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Intelligence From GIs Outdoes Gadgetry in Taking the Pulse of Bosnia

Military: Gathering information is a key function of troops. Array of high-tech devices lacks insight humans offer.

February 08, 1996|ELIZABETH SHOGREN | TIMES STAFF WRITER

TUZLA, Bosnia-Herzegovina — The U.S. Army has deployed state-of-the-art technology here: Satellites can produce detailed images revealing troop and materiel sites. Vibration-sensing devices planted on the front line can detect big objects--like soldiers or tanks--passing by. Ground-surveillance radar can cut through persistent fog to trace military movements.

But so far, officials say, all these ultramodern spy gadgets have been outshone in gathering information for the Bosnian peacekeeping mission by something far more basic--the eyes and ears of thousands of U.S. soldiers patrolling the countryside and meeting with local commanders.

"Although we certainly have some sophisticated means of gathering information, the greatest source we have is soldiers on the ground," said U.S. Army Maj. Kevin Doyle, a senior intelligence officer. "That sounds funny in this day and age, but it's true. They get a human impression--one thing you can't get through technical means."

Because the chief goals of American forces in Bosnia-Herzegovina are to enforce the Dayton, Ohio, peace agreement and keep U.S. troops safe, information gathering--which usually plays a secondary, supporting role in a military operation--has become a central function.

Indeed, about 900 U.S. intelligence officers have been deployed here.

Despite this hefty presence of spy experts, regular Army officers and enlisted soldiers are being asked to shoulder a big intelligence role.

"We're asking guys on the ground to do it, we're asking the helicopters to do it, we're asking guys driving trucks, we're asking MPs," Doyle said. "The unit as a whole is being asked to make a call on compliance with the [Dayton] treaty, so in this case, intelligence is the mission."

Army experts already have seen how U.S. forces have executed their duties.

As the deadline approached recently for the former Bosnian adversaries to pull their forces from a "zone of separation," as required in the Dayton accord, it was soldiers, for example, from the 3-325 Airborne Battalion Combat Team--not military intelligence or technology--who provided data that North Atlantic Treaty Organization commanders needed to determine that the sides were complying.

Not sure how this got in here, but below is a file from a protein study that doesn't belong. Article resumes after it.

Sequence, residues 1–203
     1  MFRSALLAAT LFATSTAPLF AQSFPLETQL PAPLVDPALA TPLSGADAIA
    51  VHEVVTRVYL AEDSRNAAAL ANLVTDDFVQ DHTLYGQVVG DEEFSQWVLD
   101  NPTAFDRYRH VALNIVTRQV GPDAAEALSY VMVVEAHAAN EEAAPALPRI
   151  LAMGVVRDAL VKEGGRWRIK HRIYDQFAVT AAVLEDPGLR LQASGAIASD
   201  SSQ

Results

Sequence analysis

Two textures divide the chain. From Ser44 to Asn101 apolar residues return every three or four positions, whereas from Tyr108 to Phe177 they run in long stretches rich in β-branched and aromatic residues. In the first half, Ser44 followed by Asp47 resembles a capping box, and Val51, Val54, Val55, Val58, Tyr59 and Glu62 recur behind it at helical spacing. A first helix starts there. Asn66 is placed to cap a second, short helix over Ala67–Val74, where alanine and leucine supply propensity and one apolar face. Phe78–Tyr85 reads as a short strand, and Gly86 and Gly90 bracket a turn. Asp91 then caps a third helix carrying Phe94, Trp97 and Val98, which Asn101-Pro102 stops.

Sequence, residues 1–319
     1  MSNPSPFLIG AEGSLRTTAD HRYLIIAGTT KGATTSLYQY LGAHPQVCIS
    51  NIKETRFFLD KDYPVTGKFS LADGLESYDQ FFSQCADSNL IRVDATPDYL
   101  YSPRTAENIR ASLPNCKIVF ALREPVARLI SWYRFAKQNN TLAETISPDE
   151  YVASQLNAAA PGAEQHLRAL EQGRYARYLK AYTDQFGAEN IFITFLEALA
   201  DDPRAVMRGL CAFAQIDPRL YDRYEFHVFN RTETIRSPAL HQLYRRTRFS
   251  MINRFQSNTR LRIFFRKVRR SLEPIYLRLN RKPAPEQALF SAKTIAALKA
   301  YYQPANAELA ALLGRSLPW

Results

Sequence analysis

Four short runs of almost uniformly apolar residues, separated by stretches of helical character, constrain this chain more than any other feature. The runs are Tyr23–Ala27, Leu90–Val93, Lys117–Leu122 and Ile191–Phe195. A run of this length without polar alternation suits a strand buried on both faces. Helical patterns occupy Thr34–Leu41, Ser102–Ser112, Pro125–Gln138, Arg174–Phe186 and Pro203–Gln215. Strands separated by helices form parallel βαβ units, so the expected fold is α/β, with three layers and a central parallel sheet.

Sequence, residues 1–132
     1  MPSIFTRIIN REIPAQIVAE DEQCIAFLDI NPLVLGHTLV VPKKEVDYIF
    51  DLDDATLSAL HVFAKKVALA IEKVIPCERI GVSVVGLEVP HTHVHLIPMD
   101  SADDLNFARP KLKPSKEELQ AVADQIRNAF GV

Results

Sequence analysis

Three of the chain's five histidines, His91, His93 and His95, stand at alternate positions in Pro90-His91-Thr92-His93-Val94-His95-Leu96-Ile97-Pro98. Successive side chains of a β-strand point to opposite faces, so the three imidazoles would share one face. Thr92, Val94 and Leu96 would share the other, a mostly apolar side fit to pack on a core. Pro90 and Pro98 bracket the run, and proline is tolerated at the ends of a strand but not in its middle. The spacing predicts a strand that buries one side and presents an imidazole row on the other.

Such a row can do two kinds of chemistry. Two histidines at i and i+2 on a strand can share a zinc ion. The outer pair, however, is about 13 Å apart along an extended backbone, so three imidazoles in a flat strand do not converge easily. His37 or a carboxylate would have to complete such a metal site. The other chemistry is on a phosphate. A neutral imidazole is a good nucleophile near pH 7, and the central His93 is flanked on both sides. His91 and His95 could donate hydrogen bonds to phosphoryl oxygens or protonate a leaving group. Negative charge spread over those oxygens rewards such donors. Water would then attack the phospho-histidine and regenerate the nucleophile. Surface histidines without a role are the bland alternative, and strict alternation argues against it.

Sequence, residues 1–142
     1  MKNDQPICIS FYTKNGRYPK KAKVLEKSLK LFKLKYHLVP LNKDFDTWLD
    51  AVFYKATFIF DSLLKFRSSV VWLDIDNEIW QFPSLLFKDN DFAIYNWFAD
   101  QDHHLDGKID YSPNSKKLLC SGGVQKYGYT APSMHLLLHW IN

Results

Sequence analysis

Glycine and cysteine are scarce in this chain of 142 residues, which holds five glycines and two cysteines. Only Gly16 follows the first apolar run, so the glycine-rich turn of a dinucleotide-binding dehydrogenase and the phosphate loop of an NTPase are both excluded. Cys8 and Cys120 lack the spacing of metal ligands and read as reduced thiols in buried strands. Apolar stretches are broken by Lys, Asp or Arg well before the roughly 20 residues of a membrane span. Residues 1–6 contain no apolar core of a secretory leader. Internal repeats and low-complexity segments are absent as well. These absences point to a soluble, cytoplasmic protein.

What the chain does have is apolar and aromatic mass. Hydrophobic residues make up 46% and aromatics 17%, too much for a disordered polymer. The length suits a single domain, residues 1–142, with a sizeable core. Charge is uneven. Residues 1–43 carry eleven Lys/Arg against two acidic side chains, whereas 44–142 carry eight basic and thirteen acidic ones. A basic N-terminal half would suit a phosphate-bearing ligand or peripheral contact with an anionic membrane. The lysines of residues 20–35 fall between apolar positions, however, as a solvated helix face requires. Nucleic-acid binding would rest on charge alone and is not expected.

Tensions were high that day because Bosnian Serb commanders had signaled to U.S. soldiers who controlled the area that they did not intend to withdraw on time from their positions in the Majevica mountains. They said they would give up their posts only to Russian forces, who were not yet in place.

Then, the Serbs relented. U.S. Army Maj. Gordon Davis of Fort Myers, Fla., who was meeting with local Serbian commanders, got the news firsthand. He used his Humvee radio to send word to headquarters.

How, though, were American officials to check the Serbian compliance? After darkness fell, Army Lt. Paul Dill of Alexandria, Va., used a heat-sensing scope on his tank not far from Serbian lines to monitor the Serbs' withdrawal from their entrenched positions.

"There are just a couple hot spots on the ridge line," Dill said after peering through the scope. "We think it's their fires just cooling down.

"We were just there in the trenches this morning," he added, noting that it was "weird" to actually watch as the Serbs gave up their positions.

Besides this incident, field troops have gathered extensive--and vital--information: Troops patrolling the separation zone have scrutinized the former combatants to ensure that they were not carrying weapons in the area, as required under the Dayton accord; satellites, radar and other high-tech sensors, experts say, cannot provide data on matters so small-scale such as whether a soldier is lugging a gun.

Further, thick fog, heavy snow and other local conditions have blinded some of the biggest and best military spy equipment. Intelligence experts could not launch unmanned planes because of foul weather; radar devices have proven largely useless because of the mountainous terrain; the super-satellites still cannot see inside buildings to monitor troops or equipment there.

But another piece of large hardware--the helicopter--has been especially helpful in ensuring the sides comply with the peace accord. "We've used the heck out of the helicopters," Doyle said. "We're flying the wings off them. They're very versatile. They can fly low. They take pictures. They have a pilot that you can talk to, so if you want him to fly right back to look again, you can ask him to do that. That's tough to do with a satellite."

Some hidden heavy weapons left in the separation zone after the deadline were missed in satellite photographs. They were, however, detected by soldiers and copter crews; Doyle tells, for example, how troops on the ground found a tank that was buried almost up to its turret and had been there for so long that small trees were growing out of it.

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